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Growing to Green award garden: CAPAcity garden (3)

  • Subject: [cg] Growing to Green award garden: CAPAcity garden (3)
  • From: Don Boekelheide dboekelheide@yahoo.com
  • Date: Mon, 30 Jan 2006 19:33:56 -0800 (PST)

Columbus Dispatch, Columbus, Ohio, USA
Sunday, January 29, 2006
(forwarded by Bill Dawson)

by Robin Chenoweth

A rubbish-strewn lot gives way to an urban sanctuary 

Some say he has magic fingers because everything he
touches blossoms and bears fruit. 
Dominic Carlisle was 18 when he became the custodian
of CAPAcity garden, an enclave of color, life and art
set within the drab urban maze that borders 1002 E.
Livingston Ave. In October 2001, the lot next to the
youth arts complex was little more than a thruway for
drug dealers and vagrants. 

We found a lot of bottles, nails, syringes, things
like that," said Carlisle, now 22 and a youth leader
at Central Community House. 

But when he and other neighborhood volunteers began
picking up trash, the effect was almost immediate. 

As we were digging up dirt and moving soil, kids
would hang around watching," said Jackie Calderone,
director of education for CAPAcity, the youth arm of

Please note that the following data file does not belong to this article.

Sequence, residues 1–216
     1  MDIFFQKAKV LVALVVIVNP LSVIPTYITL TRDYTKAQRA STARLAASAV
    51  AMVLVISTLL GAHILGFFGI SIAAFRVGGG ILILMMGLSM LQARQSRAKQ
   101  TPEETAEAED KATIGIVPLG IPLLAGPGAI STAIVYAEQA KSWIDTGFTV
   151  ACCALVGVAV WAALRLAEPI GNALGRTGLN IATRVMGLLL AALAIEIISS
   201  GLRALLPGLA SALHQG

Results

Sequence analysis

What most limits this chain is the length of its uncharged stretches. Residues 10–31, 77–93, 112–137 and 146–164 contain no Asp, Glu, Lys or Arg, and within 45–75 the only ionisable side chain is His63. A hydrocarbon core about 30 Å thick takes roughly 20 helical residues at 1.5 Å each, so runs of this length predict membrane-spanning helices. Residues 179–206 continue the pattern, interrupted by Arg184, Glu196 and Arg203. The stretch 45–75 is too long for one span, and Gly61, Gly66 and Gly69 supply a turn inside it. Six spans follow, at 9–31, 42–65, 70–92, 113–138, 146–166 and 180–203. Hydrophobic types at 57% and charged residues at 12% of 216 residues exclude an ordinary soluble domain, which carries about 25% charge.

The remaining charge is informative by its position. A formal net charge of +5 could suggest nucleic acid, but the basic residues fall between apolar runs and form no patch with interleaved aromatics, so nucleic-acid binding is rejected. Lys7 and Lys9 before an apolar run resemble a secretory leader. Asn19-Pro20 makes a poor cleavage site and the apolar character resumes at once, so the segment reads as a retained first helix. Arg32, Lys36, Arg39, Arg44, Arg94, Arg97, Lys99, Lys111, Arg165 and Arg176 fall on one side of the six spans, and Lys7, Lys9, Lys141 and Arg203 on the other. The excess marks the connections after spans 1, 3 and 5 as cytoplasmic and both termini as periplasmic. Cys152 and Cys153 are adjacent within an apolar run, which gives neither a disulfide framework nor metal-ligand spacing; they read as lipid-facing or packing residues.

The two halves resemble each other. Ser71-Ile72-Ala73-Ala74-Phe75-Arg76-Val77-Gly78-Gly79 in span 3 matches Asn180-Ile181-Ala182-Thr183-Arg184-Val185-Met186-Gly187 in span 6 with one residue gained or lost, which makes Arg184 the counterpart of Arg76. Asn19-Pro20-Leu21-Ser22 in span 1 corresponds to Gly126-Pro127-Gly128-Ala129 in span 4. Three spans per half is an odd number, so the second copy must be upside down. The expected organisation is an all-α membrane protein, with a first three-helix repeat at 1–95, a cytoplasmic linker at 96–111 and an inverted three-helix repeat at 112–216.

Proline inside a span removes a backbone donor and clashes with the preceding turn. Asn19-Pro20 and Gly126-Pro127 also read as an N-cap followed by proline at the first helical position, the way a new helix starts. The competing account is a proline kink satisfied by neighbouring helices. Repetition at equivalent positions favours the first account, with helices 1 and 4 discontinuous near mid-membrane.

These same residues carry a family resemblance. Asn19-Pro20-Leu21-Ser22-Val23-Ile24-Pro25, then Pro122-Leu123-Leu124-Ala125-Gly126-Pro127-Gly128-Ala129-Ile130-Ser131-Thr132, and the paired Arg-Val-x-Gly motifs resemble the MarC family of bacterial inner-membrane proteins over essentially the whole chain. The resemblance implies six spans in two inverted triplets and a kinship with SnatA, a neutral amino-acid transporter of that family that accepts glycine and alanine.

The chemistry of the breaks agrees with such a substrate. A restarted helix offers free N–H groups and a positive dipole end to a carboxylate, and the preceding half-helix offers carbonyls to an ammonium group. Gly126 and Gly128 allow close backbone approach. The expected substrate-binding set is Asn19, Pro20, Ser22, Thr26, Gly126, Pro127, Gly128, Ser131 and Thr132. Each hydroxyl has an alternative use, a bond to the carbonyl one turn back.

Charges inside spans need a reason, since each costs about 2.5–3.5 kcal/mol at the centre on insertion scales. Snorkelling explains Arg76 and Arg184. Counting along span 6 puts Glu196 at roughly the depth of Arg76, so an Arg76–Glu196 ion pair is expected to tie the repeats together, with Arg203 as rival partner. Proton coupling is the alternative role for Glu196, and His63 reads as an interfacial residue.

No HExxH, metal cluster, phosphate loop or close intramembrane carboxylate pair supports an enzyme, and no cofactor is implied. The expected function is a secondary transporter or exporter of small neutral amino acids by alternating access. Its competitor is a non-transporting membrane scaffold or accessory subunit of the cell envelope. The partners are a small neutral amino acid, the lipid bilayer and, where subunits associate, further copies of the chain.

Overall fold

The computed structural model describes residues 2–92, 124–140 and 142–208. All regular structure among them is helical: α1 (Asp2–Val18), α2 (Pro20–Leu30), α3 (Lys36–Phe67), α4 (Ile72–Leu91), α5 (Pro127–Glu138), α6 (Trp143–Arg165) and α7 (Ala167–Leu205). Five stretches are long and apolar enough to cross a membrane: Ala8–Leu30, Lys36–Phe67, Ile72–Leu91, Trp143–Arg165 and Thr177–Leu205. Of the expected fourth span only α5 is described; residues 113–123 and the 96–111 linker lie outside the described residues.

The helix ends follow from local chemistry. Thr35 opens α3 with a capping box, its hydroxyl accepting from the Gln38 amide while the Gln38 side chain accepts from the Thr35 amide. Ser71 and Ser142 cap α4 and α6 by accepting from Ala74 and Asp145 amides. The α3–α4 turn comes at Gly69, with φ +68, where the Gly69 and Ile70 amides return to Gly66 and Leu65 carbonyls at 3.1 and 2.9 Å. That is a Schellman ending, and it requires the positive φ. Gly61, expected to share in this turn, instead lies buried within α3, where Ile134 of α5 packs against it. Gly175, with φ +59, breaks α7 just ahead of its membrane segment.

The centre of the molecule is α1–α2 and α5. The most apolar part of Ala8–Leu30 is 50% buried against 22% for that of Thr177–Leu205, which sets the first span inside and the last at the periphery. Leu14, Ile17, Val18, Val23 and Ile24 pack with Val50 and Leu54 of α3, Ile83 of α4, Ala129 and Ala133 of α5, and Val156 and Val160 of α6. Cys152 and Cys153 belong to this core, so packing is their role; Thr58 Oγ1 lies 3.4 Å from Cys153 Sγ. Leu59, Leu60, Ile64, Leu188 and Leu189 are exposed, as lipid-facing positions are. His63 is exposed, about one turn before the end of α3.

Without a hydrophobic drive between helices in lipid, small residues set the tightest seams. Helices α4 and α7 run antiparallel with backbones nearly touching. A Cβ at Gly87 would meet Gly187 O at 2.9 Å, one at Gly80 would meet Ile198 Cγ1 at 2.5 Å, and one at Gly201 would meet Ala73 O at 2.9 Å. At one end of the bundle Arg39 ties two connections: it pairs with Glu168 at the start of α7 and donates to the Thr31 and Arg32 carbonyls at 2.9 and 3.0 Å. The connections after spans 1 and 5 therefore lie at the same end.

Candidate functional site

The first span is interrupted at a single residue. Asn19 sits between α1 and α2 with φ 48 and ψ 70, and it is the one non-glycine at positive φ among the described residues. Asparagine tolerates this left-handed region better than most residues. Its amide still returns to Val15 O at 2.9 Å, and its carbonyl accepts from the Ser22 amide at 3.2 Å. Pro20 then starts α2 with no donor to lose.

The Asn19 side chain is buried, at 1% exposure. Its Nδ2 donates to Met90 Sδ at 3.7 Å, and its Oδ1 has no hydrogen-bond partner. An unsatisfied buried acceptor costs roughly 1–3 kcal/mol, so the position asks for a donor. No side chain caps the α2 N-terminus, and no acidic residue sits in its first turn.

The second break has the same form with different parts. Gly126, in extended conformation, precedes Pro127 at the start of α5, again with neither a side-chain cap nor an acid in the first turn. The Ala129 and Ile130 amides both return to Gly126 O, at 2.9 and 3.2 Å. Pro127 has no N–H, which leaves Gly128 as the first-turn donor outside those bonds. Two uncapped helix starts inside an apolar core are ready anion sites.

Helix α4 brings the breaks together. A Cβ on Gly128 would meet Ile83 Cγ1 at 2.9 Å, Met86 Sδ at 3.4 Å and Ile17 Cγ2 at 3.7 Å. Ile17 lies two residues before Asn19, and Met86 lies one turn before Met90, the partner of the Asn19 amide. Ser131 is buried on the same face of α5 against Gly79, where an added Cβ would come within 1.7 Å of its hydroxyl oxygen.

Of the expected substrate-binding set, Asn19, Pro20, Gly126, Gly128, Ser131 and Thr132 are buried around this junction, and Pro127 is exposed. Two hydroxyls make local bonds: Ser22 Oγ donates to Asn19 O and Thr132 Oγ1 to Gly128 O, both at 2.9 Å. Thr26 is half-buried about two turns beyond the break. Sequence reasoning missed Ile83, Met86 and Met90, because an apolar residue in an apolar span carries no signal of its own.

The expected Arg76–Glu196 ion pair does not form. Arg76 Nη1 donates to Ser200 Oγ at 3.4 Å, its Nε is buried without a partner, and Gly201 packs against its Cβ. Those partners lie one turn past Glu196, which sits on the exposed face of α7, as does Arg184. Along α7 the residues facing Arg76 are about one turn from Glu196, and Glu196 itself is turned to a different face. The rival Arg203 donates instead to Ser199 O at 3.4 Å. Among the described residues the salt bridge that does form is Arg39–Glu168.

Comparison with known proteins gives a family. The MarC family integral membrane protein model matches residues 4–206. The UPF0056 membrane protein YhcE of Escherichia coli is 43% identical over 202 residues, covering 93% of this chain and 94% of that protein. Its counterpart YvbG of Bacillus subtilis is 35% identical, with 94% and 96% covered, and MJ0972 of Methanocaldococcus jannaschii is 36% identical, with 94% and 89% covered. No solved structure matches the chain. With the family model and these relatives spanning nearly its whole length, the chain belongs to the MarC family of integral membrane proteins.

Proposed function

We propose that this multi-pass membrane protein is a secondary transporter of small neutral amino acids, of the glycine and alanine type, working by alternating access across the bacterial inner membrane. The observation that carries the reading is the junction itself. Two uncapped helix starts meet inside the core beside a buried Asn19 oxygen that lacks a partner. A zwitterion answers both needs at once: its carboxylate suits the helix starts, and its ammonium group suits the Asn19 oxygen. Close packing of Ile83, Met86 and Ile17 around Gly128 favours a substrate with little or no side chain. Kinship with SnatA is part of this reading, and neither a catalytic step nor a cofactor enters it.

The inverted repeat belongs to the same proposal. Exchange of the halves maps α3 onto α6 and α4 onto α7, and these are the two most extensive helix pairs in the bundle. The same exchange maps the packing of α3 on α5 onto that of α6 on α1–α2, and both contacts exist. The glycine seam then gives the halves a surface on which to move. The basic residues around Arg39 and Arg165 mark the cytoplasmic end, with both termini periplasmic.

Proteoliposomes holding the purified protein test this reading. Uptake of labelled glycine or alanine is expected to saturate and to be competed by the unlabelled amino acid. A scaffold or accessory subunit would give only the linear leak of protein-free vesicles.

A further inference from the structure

the Columbus Association for the Performing Arts.
Then some kids would help shovel the dirt. In that
tragic fall (after the Sept. 11 attack), we created a
sense of community." 

Carlisle had always loved gardening, but, even within
him, something came to life as he coaxed the flowers
and bushes. 

The hulking 6-foot-3-inch former high-school defensive
end used a boombox to broadcast Chopin and Bach across
the garden. He watered plants for almost three hours
each day, lugging 5-gallon pails from the centers

This was a labor of love," he said. I had a lot of
time to reflect." 

As he weeded and pruned, Carlisle drew parallels to
his life. Insects plaguing the Boston ivy, for
example, represented the troubles eating at him. 

Being able to nurture that plant and bring it back
to health showed that my life will be better." 
Before long, the garden burgeoned. Sunflowers towered
over the roof. 

Ornamental grasses shot up 15 feet. Asiatic lilies,
butterfly bush, gladiolas, herbs and hollyhocks

As plants grew, the space became a canvas for creative
expression. Artists painted murals on the walls facing
the garden. Young poets penned verse next to the
paintings on cinder-block walls: Now appreciate the
trees, the grass, feel the wind, embrace life." 

People receiving counseling at the Just for Today drug
recovery center next door can take contemplative
strolls through the garden. 

Everything has a meaning there," said Gail Burnett,
manager of the recovery center. When we were
(addicted), we never saw anything, never felt
anything. Its so good to walk past something and have
a feeling about it. Thats what happens in that
garden. Its like a spiritual awakening."

The American Community Gardening Association listserve is only one of ACGA's services to community gardeners. To learn more about the ACGA and to find out how to join, please go to http://www.communitygarden.org

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